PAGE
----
Garnished wages, debt harassment, and faulty payday lenders. Be smart out there, consumers.
NPR — Ten percent of working Americans between 35 and 44 are getting their wages garnished, according to the study done by NPR and ProPublica. This can be due to old medical debt, credit card debt, and student loan debt, but some states are more forgiving than others.
Consumerist — Yep. 19 different companies were sued by the FTC for depositing anywhere from $200 to $300 in various consumers’ bank accounts, without their permission. The victims were people who had previously given their account information to the lender when they were seeking a loan. These companies doled out an astonishing $28 million in unauthorized payday loans, then siphoned off the interest, and even people who closed their bank accounts continued to be harassed by debt collectors for not paying back not-real debts.
Money Ning — Dividend investing? What’s that? It’s usually for folks who don’t have a lot of money to invest, want their investment portfolio to be diverse, or those who want slow but steady payments. One blogger took a small amount ($1,000) and invested it in dividend stocks — usually “safe” stocks like McDonald’s or Target — for the first time. So far this year, she’s made $30.50 — not a ton, but it’s thirty extra bucks, and she tells you how you can do the same.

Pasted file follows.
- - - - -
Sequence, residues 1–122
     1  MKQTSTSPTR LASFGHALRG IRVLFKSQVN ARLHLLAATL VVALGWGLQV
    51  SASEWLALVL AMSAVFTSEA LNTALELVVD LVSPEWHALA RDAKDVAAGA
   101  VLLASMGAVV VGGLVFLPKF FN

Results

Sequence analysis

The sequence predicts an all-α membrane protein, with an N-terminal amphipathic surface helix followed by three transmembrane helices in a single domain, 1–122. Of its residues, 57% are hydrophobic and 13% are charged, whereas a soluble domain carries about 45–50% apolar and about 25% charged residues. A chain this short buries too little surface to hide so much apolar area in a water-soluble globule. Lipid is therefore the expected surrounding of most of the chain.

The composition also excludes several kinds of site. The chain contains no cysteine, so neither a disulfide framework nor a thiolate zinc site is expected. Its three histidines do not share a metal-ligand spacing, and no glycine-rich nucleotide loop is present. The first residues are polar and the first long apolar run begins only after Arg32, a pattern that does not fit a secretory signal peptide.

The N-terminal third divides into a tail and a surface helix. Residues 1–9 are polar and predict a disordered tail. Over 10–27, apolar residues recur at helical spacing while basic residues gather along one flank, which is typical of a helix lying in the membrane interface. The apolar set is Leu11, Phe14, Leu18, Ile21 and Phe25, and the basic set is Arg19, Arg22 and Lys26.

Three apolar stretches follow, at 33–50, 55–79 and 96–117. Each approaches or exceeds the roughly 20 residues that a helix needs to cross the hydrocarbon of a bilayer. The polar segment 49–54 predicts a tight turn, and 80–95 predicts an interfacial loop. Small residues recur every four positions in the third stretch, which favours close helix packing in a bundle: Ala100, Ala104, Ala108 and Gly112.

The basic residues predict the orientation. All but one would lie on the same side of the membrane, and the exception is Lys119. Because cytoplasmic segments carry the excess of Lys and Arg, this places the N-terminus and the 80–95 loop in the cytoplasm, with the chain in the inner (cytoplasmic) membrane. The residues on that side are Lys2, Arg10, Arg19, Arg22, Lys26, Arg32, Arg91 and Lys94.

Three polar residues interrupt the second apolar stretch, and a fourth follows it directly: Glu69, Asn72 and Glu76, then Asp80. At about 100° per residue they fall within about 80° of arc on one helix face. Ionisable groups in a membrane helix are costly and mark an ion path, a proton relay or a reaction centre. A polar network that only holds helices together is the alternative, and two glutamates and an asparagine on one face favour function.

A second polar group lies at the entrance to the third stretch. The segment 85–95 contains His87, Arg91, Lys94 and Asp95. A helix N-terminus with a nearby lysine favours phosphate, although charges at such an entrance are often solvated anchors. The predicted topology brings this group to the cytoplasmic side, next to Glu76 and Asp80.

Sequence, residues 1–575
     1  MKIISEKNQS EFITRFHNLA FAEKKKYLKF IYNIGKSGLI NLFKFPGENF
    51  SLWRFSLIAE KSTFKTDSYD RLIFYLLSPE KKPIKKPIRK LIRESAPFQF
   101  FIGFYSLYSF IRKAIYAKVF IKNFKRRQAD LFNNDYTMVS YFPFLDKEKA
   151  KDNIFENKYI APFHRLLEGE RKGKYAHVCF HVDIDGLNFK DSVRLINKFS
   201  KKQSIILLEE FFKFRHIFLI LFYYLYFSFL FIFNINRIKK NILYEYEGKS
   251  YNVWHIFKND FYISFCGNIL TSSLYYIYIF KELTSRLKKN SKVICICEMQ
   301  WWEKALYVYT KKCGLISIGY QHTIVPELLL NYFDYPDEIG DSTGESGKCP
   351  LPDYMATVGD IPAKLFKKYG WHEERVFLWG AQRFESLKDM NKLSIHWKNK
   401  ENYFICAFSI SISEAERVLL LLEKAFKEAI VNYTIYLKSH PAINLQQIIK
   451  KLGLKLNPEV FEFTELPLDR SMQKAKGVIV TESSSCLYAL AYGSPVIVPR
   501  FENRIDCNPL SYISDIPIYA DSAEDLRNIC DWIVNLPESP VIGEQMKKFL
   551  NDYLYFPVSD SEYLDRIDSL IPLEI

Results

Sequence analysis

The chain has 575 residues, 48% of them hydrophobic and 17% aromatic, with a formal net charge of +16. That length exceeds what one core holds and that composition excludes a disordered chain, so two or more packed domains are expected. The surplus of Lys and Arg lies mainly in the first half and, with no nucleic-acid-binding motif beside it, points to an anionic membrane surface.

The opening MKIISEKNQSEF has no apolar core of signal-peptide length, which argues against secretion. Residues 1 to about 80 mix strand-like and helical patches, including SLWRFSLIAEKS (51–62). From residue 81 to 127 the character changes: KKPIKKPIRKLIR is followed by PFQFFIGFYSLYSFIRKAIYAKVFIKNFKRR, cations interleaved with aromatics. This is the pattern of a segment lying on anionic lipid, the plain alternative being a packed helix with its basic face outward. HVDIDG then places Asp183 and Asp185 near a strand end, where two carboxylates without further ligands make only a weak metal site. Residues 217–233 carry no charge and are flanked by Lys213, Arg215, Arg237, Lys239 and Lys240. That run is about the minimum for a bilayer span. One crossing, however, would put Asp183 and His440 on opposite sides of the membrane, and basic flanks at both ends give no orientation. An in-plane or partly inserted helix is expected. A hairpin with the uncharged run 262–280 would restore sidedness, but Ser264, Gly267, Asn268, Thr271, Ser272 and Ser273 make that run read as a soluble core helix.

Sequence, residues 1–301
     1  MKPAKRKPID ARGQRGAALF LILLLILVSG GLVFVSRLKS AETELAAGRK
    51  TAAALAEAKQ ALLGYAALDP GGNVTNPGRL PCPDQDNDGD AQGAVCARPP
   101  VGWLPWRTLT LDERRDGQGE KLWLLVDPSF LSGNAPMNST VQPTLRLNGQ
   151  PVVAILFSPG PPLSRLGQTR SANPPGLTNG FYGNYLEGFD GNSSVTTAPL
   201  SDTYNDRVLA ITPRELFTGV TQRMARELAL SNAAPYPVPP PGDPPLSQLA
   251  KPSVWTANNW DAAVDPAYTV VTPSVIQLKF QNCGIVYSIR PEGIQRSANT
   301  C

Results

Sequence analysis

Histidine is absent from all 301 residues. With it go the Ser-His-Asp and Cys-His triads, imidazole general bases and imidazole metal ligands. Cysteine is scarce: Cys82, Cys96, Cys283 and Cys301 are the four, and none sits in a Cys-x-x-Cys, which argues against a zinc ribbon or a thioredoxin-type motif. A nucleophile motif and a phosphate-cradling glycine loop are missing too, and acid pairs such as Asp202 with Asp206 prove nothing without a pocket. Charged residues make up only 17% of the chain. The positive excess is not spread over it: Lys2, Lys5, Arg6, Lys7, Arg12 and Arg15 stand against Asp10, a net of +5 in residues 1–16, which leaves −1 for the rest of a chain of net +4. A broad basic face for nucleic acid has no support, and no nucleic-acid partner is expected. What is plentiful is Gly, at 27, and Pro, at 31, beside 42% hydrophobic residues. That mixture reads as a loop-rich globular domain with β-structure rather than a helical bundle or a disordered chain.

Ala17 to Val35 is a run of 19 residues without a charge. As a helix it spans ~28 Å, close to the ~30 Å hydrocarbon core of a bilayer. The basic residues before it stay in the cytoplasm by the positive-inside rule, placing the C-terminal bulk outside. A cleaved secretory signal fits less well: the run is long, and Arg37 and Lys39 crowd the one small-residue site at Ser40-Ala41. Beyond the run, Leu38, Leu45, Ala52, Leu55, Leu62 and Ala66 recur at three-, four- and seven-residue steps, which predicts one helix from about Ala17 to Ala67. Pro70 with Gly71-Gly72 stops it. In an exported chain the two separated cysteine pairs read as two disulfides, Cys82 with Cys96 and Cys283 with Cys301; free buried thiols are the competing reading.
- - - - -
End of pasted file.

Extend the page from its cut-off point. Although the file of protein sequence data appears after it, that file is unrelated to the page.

Money Talks News — Last year, worker misclassification cost taxpayers billions of dollars. When companies classify you as an independent contractor rather than an employee of the company, you miss out on the benefits that include not having to pay your own Social Security and Medicare taxes.
Money Under 30 — With tuition on the rise and student loan debt in America at an all-time high, post-graduates are getting finding more and more creative ways to pay off their debt. If you’re in over your head, try crowd funding online, get matched with a sponsor, join the Corps for a year, or get into public service and get your loans forgiven after 10 years of payment.